I saw Thor on Tuesday night.
I saw The Tree of Life on Wednesday night.
Surprisingly, they're a lot more similar than you'd think. And it's not because they both feature CGI creatures.
I know that Thor is Kenneth Branagh's quick dip into summer blockbusters, and Tree of Life is Terrence Malick's latest flora-adoring, imagery-heavy opus. Doesn't seem to be a lot of room for comparison. But there were more than a few moments in Tree of Life, usually when my mouth wasn't agape in amazement, where I thought, "Hmmm, this is rather Thor-ish, isn't it?"
That's because Tree of Life doesn't aim to make very much sense. I mean, there's a "story," but it's not told in the linear style that most filmmakers use (and most moviegoers expect). It bounces through time and explains itself mostly without words; viewers have to pick up what they can and make suppositions along the way. It's an extreme example of something more movies should strive for: showing and not telling.
But it also means that, half the time, you have no idea what's going on. Why did the little kid put the blouse in the river? Who's the person that just died? Why are we watching the creation of Earth? And, most importantly, it doesn't lend much to character development. Everyone's motivations, besides basic human desires, are either unknown or nonexistent.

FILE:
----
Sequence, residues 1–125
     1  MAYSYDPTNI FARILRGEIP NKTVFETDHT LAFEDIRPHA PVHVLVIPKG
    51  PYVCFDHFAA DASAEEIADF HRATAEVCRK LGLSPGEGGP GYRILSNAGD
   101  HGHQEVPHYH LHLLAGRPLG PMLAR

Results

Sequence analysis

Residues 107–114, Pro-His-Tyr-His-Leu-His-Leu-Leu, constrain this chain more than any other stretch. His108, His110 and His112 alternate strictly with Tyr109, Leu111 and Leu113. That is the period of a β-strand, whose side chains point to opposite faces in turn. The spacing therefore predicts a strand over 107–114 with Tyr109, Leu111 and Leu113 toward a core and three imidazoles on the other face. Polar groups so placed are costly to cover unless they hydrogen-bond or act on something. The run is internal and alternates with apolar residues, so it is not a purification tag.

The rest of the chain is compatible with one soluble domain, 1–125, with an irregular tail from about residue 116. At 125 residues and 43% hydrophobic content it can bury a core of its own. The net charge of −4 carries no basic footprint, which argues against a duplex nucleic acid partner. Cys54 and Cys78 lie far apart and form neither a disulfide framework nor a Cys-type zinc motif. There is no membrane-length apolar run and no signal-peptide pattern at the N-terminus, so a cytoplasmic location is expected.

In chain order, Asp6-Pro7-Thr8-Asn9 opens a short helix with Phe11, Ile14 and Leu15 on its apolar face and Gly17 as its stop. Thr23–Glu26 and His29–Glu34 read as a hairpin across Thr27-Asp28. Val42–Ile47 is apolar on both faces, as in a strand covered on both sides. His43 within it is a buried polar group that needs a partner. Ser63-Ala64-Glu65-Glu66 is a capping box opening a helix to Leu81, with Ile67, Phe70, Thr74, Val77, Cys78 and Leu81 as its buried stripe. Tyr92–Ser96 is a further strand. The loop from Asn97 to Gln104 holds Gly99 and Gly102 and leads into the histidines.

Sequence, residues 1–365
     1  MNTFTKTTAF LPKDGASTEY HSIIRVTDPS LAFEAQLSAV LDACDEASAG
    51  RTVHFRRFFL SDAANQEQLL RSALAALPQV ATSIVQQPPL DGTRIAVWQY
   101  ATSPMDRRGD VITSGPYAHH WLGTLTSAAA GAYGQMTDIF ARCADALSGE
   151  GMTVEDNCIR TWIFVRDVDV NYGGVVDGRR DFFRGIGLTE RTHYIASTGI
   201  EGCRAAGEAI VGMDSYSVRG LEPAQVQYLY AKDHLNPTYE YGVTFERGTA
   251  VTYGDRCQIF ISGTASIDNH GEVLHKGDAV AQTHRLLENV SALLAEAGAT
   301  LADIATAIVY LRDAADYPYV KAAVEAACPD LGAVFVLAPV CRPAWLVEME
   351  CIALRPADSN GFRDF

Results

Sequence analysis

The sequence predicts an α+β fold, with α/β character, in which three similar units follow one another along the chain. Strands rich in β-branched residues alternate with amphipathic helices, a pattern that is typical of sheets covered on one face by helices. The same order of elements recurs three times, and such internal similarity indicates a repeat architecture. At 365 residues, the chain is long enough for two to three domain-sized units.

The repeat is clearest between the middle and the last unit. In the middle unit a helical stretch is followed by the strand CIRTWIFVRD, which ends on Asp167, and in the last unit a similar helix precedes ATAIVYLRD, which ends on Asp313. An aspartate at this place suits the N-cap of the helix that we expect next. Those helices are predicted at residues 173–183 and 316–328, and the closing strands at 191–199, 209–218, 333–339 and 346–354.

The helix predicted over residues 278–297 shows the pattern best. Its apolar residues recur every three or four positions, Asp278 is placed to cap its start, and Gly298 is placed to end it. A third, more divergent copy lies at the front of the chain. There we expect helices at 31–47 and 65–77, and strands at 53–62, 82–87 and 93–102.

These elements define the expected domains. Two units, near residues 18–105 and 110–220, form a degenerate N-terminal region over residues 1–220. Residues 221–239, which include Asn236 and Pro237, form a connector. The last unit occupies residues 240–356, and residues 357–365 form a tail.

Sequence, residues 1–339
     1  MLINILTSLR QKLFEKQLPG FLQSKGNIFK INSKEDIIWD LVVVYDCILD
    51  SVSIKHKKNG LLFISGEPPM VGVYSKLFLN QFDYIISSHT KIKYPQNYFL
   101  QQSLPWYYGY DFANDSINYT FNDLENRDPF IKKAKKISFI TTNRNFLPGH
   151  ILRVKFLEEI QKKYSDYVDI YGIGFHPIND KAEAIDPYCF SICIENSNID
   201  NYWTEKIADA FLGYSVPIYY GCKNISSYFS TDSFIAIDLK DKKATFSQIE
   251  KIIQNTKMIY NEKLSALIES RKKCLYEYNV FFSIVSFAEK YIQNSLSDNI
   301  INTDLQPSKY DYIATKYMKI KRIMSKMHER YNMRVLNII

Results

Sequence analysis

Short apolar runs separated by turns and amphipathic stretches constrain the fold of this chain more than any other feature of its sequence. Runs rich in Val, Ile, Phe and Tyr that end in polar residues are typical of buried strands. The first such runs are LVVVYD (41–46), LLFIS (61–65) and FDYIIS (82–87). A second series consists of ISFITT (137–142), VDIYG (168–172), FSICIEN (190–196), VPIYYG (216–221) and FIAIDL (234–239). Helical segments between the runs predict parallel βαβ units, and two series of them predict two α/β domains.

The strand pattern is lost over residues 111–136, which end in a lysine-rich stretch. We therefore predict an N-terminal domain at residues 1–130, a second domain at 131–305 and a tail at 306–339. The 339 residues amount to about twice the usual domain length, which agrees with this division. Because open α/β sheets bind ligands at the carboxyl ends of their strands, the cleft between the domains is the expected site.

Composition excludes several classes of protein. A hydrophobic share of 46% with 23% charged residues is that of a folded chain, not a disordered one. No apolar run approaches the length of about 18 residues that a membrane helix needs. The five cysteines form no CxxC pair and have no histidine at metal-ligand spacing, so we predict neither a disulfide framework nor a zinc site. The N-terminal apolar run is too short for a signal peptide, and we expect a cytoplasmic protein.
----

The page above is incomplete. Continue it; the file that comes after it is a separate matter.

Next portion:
And Thor, well, it's a comic-book movie. And it's one set in the Avengers universe, which means its a rush-job that's designed to serve two purposes: make money and move the larger story along.
So naturally, things happen for no reason, and with even less justification. What made Thor's brother so evil so fast? Why doesn't Thor have his powers anymore? Is that the guy who played The Punisher, dressed in a fat suit and eating shanks of meat? There's no time, and no desire, to flesh anything out. As long as you know who's good, who's bad and what got them there, the story's ready to speed along.
To enjoy either one, you're forced to suspend reality. I think the best films do this naturally; you find yourself sucked into the world of the movie, and before long, you become increasingly invested in the plot and its characters. But, by design, Thor and Tree of Life keep you at arm's length.
One's a fantasy, built to rake in big bucks and adapted from 30-year-old drawings designed for children. The other's a semi-autobiographical work of art, created by an eccentric director who loves nature and adores Zoolander. But at the end of the day, it's difficult (if not impossible) for viewers to engage with either.
Thor suffers from the usual big-budget incomprehensibility; Tree of Life, on a personal level, won't give you what you aren't looking to receive. But when they each finished, I walked out stymied, wishing I had been handed just a little more. There are apparently two very different roads to being inexplicable.